Formula 1 announced in April that three races will feature a new Sprint Qualifying format following a unanimous agreement from all teams. The first one will be the British GP at Silverstone this weekend and we figured we’d this was a good time to discuss this experimental format.

The usual F1 weekend’s three days are broken into these sessions: Two free practices on Friday, one free practice and then qualifying on Saturday, the race on Sunday. It’s been that way for a very long time and F1 is experimenting with changes that would increase the sport’s appeal to new audiences, changes like Sprint Qualifying.

Here’s how the 2021 British GP weekend will unfold:


Free Practice 1 – It will be the usual one-hour session but with a higher risk as it won’t leave room for major errors or any significant crashes.

Qualifying – This will be the usual qualifying session with three stages but held Friday itself after practice. This will decide the starting order for the Sprint event on Saturday and there is no Q2-related tyre restriction for the top 10 fastest cars.


Free Practice 2 – Yes, there will be another hour-long practice session on Saturday just before the Sprint Qualifying race. It’ll be the last chance for teams to collect data from test runs for the races ahead.

Sprint – This is a 100km dash, which is around 17 laps at Silverstone that will last just under 30 minutes. It’s like a short race in the F1 game but without the need for any pit stops but it could be intense depending on the tyre compounds available for the weekend. The final classification of the Sprint race will decide the starting order for the main race on Sunday.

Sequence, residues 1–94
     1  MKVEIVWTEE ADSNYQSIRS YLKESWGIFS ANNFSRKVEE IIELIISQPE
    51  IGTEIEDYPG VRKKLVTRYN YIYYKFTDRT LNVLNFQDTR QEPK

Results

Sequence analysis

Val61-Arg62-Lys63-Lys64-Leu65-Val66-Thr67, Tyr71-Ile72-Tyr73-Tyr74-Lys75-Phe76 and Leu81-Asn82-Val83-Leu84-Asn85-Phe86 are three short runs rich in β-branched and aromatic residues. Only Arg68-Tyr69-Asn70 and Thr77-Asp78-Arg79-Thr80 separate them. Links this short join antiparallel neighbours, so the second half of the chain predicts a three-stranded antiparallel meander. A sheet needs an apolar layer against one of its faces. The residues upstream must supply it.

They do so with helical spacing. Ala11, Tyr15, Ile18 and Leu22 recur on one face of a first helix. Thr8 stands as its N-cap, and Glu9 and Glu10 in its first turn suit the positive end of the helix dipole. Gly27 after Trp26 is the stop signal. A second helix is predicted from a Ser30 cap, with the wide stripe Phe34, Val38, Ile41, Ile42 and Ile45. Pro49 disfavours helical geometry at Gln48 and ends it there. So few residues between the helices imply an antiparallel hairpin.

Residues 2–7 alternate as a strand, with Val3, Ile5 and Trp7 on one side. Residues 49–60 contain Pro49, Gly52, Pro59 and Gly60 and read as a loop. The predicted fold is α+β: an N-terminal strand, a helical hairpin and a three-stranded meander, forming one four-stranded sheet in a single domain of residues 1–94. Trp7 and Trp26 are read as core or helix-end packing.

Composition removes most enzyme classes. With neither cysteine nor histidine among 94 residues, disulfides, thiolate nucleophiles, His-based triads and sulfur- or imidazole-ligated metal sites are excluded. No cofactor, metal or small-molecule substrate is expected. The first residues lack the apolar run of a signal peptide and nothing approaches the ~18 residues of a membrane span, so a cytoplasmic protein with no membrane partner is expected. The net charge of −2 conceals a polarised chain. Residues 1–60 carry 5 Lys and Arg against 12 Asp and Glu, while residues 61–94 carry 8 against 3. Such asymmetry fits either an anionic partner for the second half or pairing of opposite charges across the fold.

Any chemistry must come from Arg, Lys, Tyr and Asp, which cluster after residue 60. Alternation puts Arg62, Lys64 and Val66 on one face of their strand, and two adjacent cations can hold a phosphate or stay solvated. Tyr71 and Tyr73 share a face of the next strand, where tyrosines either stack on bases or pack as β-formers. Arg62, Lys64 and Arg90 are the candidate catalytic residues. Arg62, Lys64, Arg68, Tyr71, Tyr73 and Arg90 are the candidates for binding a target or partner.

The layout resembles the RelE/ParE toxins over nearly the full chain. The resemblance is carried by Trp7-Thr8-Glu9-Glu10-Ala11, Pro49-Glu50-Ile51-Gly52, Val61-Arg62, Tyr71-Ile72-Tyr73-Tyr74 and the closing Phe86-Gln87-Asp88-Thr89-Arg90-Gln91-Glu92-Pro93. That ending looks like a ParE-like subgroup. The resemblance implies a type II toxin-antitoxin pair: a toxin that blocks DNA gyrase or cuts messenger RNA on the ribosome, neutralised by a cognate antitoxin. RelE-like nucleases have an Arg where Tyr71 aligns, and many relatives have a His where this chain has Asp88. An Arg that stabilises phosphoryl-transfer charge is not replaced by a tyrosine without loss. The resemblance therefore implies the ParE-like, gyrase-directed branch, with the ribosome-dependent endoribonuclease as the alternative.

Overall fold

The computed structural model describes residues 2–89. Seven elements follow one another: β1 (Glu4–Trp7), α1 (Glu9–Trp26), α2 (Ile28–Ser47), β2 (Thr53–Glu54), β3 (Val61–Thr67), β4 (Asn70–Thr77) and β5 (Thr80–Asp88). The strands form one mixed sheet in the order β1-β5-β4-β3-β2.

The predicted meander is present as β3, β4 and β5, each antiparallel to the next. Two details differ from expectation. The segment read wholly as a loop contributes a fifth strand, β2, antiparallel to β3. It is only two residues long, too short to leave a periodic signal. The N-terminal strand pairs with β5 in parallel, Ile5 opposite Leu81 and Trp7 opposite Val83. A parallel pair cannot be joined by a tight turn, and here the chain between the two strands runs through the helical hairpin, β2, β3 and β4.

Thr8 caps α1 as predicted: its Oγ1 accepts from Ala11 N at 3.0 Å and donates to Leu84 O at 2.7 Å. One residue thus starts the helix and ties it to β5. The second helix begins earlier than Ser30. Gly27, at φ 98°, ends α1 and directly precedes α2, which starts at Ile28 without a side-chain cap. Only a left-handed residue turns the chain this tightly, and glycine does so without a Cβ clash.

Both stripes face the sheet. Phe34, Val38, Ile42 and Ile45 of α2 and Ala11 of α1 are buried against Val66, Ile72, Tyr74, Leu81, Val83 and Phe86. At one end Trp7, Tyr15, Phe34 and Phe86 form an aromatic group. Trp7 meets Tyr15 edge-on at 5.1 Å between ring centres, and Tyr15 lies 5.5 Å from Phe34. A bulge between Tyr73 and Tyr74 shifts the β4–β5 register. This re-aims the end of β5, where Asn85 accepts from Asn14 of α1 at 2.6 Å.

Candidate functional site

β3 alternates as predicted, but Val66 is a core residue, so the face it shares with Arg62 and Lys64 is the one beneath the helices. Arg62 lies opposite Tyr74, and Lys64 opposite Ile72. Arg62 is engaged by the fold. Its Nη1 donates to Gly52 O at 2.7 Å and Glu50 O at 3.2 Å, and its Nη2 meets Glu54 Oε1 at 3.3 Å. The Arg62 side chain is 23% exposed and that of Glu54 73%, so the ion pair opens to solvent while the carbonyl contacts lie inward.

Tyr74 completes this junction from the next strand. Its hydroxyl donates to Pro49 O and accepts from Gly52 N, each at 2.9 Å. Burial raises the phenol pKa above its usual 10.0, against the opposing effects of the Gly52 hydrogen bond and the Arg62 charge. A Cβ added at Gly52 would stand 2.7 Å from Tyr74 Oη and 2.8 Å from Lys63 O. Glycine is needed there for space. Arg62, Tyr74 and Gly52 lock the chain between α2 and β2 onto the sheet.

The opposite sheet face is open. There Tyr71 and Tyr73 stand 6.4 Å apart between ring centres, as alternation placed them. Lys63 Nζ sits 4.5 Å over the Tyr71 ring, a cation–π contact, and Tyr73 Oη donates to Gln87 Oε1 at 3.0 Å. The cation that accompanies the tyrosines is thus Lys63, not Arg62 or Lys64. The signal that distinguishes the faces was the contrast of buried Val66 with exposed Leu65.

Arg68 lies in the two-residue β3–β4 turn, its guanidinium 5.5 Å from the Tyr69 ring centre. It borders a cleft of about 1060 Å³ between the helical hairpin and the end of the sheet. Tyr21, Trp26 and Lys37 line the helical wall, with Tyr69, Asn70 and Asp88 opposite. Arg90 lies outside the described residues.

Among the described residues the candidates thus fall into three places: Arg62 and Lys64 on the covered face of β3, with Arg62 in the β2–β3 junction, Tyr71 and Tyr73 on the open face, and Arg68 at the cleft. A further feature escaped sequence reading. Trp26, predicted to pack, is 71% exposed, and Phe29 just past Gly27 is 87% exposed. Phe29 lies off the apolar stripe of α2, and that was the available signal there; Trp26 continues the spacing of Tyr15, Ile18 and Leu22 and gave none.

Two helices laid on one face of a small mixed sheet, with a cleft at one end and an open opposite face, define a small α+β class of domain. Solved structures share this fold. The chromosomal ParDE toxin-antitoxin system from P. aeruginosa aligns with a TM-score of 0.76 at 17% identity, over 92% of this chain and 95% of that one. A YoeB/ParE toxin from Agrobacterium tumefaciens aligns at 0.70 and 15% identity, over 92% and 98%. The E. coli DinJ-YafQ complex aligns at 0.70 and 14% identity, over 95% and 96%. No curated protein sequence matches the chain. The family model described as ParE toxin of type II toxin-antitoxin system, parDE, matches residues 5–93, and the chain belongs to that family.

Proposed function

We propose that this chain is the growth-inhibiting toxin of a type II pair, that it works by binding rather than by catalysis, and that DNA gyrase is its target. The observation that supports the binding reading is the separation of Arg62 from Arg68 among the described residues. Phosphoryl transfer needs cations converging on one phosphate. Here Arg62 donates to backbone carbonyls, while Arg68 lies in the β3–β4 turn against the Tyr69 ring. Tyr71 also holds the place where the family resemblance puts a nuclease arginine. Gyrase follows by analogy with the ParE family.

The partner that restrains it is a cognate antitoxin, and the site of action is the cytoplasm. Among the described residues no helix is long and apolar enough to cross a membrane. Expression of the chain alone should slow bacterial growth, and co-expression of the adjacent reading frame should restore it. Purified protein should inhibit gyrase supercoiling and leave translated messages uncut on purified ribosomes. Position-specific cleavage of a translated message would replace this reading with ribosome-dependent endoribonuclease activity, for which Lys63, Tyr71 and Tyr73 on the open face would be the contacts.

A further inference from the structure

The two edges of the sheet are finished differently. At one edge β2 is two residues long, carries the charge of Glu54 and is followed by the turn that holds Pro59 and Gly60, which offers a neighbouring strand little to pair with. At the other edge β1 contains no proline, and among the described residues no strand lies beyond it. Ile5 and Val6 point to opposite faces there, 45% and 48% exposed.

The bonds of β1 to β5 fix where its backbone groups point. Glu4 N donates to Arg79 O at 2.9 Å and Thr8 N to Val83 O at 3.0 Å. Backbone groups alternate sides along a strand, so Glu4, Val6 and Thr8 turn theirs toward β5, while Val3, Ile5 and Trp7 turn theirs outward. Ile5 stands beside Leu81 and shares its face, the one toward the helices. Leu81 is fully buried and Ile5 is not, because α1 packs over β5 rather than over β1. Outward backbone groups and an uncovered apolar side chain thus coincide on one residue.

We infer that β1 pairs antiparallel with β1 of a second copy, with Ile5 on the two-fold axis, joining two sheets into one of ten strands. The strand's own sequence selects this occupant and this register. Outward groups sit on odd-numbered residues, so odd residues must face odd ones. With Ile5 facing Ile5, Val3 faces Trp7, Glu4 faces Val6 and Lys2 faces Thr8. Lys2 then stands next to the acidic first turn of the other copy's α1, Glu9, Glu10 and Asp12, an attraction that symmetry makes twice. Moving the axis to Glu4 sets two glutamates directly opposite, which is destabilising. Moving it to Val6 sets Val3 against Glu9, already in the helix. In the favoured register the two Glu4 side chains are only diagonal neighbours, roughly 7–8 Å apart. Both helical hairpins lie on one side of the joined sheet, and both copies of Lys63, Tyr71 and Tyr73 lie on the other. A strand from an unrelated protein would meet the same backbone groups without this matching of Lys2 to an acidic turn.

Note: There are valuable championship points on offer for the top three finishers — 3pts for 1st, 2pts for 2nd and 1pt for 3rd.


Grand Prix – The main event of every F1 race will take place on Sunday as usual. The points scoring system and the race distance is unchanged but with free choice of the starting tyre to all 20 participants. 


Well, it has been observed by fans and organizers that when the teams don’t have enough time to research through free practice, the race results are less predictable. Since it never rains when we want it to, this format could help stir the pot. Also, it won’t allow for incidents where drivers who crash in qualifying after setting a good time still start as per their best lap. The Sprint event would also push teams to ensure they have good race pace and aren’t just quick in qualifying to get a track position advantage for the first half of a race. 

While it is unclear if this new format will achieve its aim of making F1 more interesting, it’s worth a shot. In the closest title fight during the hybrid era, things could get even spicier at the top between Lewis Hamilton and Max Verstappen. 

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